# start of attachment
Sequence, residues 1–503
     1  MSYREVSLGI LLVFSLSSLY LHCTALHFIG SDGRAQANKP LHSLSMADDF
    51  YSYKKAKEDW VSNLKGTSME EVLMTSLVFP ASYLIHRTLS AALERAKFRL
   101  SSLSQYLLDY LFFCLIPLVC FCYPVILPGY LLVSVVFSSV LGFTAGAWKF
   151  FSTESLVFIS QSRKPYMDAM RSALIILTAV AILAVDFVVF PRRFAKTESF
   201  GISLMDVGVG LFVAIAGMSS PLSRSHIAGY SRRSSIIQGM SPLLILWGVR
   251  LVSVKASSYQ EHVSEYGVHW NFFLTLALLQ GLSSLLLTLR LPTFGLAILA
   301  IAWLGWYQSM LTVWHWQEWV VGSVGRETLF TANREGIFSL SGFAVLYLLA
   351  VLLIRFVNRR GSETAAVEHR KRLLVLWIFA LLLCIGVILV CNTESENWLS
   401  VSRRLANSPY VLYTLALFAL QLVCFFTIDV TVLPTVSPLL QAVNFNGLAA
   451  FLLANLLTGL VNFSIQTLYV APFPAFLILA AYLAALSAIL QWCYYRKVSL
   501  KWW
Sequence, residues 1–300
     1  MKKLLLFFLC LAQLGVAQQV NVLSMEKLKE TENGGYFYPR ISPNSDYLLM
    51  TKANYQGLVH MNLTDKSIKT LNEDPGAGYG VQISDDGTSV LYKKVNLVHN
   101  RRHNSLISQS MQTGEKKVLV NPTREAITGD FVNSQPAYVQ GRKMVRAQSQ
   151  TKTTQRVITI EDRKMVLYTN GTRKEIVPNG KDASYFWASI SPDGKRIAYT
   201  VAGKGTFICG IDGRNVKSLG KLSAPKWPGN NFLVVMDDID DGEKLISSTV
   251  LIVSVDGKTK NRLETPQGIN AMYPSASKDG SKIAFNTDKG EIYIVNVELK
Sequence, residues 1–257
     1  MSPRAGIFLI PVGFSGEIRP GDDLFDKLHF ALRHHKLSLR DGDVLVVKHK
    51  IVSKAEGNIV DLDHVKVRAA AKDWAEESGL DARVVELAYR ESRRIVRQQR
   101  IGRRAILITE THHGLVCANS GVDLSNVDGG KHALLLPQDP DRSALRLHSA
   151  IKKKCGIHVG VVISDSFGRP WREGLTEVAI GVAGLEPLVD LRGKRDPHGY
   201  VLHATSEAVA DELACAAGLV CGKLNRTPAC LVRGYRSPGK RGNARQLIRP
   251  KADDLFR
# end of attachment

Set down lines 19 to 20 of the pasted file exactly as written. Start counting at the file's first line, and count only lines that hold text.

   251  LIVSVDGKTK NRLETPQGIN AMYPSASKDG SKIAFNTDKG EIYIVNVELK
Sequence, residues 1–257